“It may cause dry eye as people, absorbed in what they’re watching, forget to blink,” says Farah Gatrad, clinical and regulatory officer at the Association of Optometrists. “This is also often a time that people notice if their distance vision might have deteriorated and that undiagnosed problems may come to light. However, these will be pre-existing conditions and not caused specifically by watching television. You should consult an optometrist if you feel you are experiencing any problems with your vision.”
If you find that watching TV leads to eye strain, there are several practical strategies that may help. You could dim down the lighting on your screen, reducing the contrast with the rest of your environment. Or you might even wish to upgrade to a bigger screen, making it easier to focus.
Of course, most people are able to binge-watch occasionally without feeling like it’s taking over their lives. Around 70% of the adults surveyed by Ofcom said they found the practice relaxing and enjoyable, with only 22% saying it had made them feel guilty for not doing something else.
However, some studies have found associations between high levels of TV consumption and poor mental health. In one American study, self-proclaimed binge watchers reported higher levels of stress, anxiety and depression, with the authors concluding that ‘binge-watching is a growing public health concern that needs to be addressed’.
People may also talk colloquially about being ‘addicted’ to Netflix. Whether or not you can truly be addicted is a matter of some debate. However, if binge-watching is causing you to withdraw from other pleasurable activities or neglect your responsibilities, it may be wise to revise your viewing habits.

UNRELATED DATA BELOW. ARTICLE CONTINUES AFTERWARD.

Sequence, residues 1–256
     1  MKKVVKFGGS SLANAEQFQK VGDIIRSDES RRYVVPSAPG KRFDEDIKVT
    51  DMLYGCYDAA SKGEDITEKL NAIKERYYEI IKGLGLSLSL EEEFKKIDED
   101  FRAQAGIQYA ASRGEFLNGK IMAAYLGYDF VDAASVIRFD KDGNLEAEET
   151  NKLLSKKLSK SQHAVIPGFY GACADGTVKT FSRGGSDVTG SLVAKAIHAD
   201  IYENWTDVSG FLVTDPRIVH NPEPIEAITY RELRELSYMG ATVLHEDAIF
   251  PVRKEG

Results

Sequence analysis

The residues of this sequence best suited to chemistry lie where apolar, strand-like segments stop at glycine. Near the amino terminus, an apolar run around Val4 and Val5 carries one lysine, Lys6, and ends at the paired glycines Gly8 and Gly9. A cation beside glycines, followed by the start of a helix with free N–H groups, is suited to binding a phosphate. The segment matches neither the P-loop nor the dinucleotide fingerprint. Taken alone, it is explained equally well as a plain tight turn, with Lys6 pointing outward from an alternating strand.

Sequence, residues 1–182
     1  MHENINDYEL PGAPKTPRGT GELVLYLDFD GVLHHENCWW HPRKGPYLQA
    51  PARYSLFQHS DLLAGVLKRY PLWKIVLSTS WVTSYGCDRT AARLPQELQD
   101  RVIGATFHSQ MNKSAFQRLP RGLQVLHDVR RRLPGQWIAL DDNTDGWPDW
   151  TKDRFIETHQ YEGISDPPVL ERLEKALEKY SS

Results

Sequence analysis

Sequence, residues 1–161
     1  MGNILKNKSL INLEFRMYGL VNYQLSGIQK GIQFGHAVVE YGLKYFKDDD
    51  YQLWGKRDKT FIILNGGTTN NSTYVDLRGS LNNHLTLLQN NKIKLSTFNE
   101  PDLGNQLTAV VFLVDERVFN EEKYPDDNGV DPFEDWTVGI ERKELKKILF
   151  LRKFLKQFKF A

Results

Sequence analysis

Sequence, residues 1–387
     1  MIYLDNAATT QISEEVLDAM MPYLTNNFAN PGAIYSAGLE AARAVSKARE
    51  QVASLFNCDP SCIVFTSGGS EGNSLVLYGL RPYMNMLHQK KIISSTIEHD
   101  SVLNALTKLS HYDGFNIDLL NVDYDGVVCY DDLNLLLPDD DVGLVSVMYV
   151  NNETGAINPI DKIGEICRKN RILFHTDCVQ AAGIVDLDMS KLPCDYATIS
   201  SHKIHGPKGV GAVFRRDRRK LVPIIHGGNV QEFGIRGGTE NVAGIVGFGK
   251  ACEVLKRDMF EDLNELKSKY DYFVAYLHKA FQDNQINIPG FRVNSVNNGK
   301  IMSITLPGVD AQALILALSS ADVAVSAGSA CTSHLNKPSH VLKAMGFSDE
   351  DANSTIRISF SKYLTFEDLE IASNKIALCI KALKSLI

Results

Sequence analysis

“It’s about having a grown-up perception of technology,” says Dr Stanley. “We’re acting like we’re children with a chocolate cake, thinking we can eat and eat till we get sick. Streaming services are designed so as to give you that instant hit.”
Dr Richard Graham, an adolescent consultant psychiatrist, heads up the technology addiction service at Nightingale Hospital London. He says it’s important to restrict the time children spend using technology, to prevent them from forming an unhealthy dependence.
“As technology is an integral part of our everyday lives it is important that a good relationship habit is established,” he says “When electronic devices start to have more influence over behaviour than anyone else or anything else, that is the moment when really you need to start changing things.”
Of course, if you’re determined to plough through Stranger Things in one sitting, you’re probably going to feel groggy the next day no matter what. However, there is plenty of common sense advice you can follow to mitigate some of the negative consequences.
Since sitting for long stretches of time is notoriously bad for us, it’s important to take regular breaks, perhaps taking the end of an episode as a cue to get up and move around.
It’s also sensible to moderate your snacking levels, doing your best to eliminate the mindless eating that can accompany binge-watching, and placing that family-sized bag of crisps out of reach.
As Dr Stanley explains, the most important thing is simply to listen to the body’s cues, rather than being seduced by the lure of another episode.
“If we’re yawning and our eyes are drooping and we find it difficult to focus or pay attention, we should be taking that as a strong sign it’s time to sleep,” he says.
This article appears on Patient UK